How to Start Exercising Away Your Arthritis Today
When I talk about exercise to my arthritis patients, they often say to me: “That may be true, but how can I even start exercising if my joints hurt so bad?” It’s a great question and the answer is a surprisingly simple one: Start with easy, low-impact exercises and gradually increase the duration and intensity of those exercises.
“Low-impact” exercise doesn’t necessarily mean less beneficial to your body. All “low impact” really means is that the exercises are not as rough on your bones and joints as high-impact exercises. Anything that involves sprinting and jumping can be considered a high-impact exercise. Low-impact exercises give you a good workout without pounding and jarring your bones and joints.
My favorite low-impact exercises are swimming, biking, walking, and using an elliptical.
Swimming is by far the best because it’s a full cardio and strength-training workout. The water provides a natural form of resistance that builds and tones muscles without an ounce of impact.
Biking is great for knee-and-ankle arthritis because you are working most of the muscles that support your legs – and with minimal impact.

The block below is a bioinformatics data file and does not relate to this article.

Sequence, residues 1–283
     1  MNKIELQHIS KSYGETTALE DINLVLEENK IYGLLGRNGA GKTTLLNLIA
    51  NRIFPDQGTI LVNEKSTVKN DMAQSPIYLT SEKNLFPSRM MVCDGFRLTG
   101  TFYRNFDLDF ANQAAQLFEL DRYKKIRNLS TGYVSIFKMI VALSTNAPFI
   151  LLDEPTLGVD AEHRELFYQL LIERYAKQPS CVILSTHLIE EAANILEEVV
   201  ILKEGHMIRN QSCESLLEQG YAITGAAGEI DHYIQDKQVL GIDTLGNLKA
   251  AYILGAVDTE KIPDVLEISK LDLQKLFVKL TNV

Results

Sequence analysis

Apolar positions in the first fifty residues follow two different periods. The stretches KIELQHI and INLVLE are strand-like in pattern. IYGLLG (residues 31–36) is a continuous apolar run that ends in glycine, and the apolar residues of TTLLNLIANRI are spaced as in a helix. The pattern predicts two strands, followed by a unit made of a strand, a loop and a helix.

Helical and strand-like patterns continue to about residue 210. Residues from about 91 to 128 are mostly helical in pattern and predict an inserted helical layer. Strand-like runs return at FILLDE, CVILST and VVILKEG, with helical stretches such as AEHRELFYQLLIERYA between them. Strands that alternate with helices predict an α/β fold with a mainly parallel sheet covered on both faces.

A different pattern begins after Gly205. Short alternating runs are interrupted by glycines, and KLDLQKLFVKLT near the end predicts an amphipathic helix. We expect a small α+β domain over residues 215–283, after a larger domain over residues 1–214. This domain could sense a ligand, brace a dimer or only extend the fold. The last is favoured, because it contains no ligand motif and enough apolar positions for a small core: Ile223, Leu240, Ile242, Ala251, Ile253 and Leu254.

Daily walking keeps you limber and mobile while keeping arthritis pain at bay. While walking is low-impact, the constant repetition could further inflame your knees if you aren’t careful. That’s why I strongly recommend that you wear a pair of supportive shoes with cushy insoles and replace them as often as necessary. It’s also a good idea to wear a supportive brace or wrap around your knees if walking irritates them.
With all exercises, applying heat to your joints for 10 to 20 minutes prior to working out helps get rid of the initial stiffness. After working out, apply ice to your inflamed joints for 10 to 20 minutes.
If, even these low-impact exercise seem like too much. Try starting with these extra-gentle daily motion exercises. They’re an excellent way of dialing back pain all over your body.
- Raising your arms over your head
- Extending your arms out and making small circles with your hands
- Rolling your shoulders forward and backward
- Moving your feet in circles
- Touching your toes (or as far as you can go)
These simple range-of-motion exercises help relieve chronic stiffness and improve your joints’ ability to move to their full range. They are simple and take only a few minutes.
The point is to keep moving and stay active every day. Exercise makes your joints and muscles stronger. A lack of it does the opposite, opening the door to worsening pain as you get older.
Small Steps to Arthritis Relief
If arthritic pain has kept you from exercising for a while, start small. Eventually you’ll want to push yourself and have a good sweat, but it’s more important to work up to that point. Every physical therapist will tell you that it’s vital to learn the right techniques and get comfortable with the motions of each exercise.
From there, the sky is the limit. And I really want you to believe that. If arthritic pain has kept you from exercising, the right exercises can make a huge difference in relieving that pain.
“Exercise Helps Ease Arthritis Pain and Stiffness.” Mayo Clinic. Published Oct. 26, 2016.